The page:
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For Banks, an $80 Billion Gift


In efforts to stabilize troubled banks, the Treasury Department overpaid those institutions by nearly $80 billion, the head of a bailout oversight panel told lawmakers Thursday.

Elizabeth Warren, who chairs the congressional panel overseeing the Troubled Asset Relief Program, said Treasury officials chose not to risk-adjust the government’s investments in troubled banks, instead paying “a uniform price” regardless of each bank’s health. As a result, she estimates, taxpayers have spent $254 billion on capital investments worth just $176 billion — a difference of roughly $78 billion.


Illustration by: Matt Mahurin

“It’s clear that Treasury did not use market mechanisms,” Warren testified before the Senate Banking Committee. “They did not price for risk. That’s what markets do.” Warren equated the practice to paying $1 million each for a set of paintings, one of which is a Picasso, one a Rembrandt, and the rest of which are worthless.

Warren emphasized that “there may be good policy reasons for overpaying,” such as the ease and speed with which non-risk-adjusted investments could be made. “But without a clearly delineated reason,” she added, citing the Treasury’s stonewalling, “we can’t know that.”

Warren’s comments raised the ire of lawmakers already fuming over the ineffectiveness of the $700 billion bailout to jumpstart the economy by thawing frozen credit markets. Some are angry that the TARP bill ever passed; others simply blame the Bush administration’s management of the program; but there’s near-universal agreement on Capitol Hill that the program is a failure. Lawmakers are hoping that, under a new president, it will meet greater success.

“The TARP program remains a critical tool our government will need to address the economic crisis,” said Sen. Christopher Dodd (D-Conn.), chairman of the Banking Committee. “[But] we must see a sharp change in the direction of this program under new management.”

There has been plenty to criticize. In the four months since TARP was signed into law, the Treasury has switched the focus of the program; regulators have been denied access to information about how the bailout money is being spent; executives of bailed-out Wall Street firms have received billions in bonuses; and, despite the injection of nearly $300 billion into the struggling finance market, lending in the fourth quarter of 2008 actually fell relative to the quarter before.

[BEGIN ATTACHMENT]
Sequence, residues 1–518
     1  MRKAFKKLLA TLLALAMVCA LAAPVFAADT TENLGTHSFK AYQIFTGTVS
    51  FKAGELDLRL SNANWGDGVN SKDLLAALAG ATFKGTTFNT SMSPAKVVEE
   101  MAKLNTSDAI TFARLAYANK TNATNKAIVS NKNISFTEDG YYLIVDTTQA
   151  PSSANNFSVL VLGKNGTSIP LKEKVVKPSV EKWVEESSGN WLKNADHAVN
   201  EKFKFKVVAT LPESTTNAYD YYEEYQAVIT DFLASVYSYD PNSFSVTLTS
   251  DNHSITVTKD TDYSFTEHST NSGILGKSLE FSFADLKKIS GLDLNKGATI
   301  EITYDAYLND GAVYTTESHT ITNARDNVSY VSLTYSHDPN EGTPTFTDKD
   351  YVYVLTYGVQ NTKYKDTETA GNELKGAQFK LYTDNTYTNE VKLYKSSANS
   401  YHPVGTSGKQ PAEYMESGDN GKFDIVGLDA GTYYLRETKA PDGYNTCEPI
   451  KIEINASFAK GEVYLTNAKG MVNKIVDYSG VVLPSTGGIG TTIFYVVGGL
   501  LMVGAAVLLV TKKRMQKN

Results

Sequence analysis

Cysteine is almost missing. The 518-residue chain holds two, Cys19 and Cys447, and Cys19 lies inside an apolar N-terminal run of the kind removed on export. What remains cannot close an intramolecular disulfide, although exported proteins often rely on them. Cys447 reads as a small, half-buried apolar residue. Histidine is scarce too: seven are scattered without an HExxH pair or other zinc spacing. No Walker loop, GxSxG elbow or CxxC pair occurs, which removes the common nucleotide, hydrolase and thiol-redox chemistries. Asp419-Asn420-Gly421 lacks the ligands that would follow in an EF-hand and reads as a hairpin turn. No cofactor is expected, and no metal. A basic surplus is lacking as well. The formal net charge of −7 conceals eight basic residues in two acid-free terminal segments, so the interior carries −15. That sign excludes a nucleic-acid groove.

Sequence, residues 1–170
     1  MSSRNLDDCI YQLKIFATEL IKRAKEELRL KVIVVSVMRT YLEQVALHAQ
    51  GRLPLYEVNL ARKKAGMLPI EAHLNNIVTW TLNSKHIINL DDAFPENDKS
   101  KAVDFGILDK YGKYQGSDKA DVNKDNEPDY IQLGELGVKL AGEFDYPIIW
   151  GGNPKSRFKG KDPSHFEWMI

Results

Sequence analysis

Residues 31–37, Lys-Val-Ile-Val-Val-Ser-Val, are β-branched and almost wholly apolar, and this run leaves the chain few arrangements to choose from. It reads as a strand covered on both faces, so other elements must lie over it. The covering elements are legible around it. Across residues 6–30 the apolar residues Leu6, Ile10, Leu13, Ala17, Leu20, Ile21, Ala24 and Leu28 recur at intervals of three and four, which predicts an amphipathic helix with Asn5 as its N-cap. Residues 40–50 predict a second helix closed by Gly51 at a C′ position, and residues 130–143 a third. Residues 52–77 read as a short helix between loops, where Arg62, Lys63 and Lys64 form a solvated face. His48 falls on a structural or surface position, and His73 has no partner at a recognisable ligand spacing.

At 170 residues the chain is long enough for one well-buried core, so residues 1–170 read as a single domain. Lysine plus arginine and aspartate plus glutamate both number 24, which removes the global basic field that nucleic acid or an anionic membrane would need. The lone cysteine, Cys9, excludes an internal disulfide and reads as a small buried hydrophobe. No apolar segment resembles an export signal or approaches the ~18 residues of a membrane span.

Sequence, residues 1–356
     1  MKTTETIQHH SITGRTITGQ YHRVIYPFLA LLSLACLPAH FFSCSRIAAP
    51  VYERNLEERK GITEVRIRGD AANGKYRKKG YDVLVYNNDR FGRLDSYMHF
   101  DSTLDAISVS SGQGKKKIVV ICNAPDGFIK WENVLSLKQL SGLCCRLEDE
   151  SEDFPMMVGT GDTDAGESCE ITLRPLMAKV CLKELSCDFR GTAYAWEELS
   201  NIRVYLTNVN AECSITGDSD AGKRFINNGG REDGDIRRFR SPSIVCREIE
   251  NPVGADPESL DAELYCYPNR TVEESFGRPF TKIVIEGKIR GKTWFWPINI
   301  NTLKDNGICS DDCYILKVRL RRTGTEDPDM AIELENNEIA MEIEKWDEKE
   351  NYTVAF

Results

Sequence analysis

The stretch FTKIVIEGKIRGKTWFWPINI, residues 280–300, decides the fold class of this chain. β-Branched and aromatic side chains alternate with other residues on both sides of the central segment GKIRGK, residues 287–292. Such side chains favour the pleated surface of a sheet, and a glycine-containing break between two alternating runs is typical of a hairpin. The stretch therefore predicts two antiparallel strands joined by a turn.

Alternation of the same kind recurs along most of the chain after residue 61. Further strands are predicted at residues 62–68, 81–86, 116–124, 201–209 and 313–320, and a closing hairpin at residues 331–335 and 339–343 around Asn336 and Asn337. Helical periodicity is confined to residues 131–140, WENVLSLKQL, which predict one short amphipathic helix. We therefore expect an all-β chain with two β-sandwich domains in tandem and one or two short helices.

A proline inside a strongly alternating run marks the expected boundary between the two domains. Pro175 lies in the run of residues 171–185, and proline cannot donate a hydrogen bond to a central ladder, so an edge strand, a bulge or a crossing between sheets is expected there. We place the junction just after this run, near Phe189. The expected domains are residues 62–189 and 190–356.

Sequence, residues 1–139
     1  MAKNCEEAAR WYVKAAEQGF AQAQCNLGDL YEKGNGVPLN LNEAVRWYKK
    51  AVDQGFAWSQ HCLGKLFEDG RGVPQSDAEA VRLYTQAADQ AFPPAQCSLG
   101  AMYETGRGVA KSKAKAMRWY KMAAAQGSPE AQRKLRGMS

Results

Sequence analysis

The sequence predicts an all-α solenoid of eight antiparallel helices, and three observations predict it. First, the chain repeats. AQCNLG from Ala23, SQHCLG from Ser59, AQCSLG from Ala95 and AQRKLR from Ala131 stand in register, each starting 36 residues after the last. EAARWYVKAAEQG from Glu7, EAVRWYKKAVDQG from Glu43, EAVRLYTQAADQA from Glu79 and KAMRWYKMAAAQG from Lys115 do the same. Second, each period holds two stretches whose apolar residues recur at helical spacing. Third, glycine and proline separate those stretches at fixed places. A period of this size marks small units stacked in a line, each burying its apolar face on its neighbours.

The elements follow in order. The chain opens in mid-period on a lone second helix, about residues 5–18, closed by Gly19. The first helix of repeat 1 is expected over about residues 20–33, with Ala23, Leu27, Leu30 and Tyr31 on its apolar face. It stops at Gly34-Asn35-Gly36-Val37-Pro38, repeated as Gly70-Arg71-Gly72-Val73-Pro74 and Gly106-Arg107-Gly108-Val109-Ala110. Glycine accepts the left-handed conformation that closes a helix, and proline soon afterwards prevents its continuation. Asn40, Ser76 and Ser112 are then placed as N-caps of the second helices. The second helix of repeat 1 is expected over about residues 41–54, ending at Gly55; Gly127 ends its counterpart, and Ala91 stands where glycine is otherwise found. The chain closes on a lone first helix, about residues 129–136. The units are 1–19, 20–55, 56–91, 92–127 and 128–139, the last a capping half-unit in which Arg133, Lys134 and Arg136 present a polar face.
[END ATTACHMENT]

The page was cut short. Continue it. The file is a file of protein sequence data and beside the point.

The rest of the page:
It wasn’t supposed to be this way. When former Treasury Secretary Henry Paulson and Federal Reserve Chairman Ben Bernanke came to Congress in September, they sold a plan to buy up the toxic assets from struggling banks. Less than two weeks later, Treasury announced that that was no longer the case. Instead, the government would buy preferred shares in those institutions — a change of direction that Sen. Jim Bunning (R-Ky.) referred to Thursday as a “bait-and-switch.”

Announcing that change, the Treasury Department cited nine “healthy institutions” that had already volunteered to receive help under the program. Yet, as Sen. Richard Shelby (R-Ala.) pointed out Thursday, one of those firms (Merrill Lynch) no longer exists, and two others (Bank of America and Citigroup) have sucked tens-of-billions more from the TARP program to stay afloat.

“A 33 percent failure rate,” said Shelby, the highest ranking Republican on the committee, “does not … exactly provide confidence to the market that either Treasury or any of the federal regulators — including the Fed — understand the word healthy.”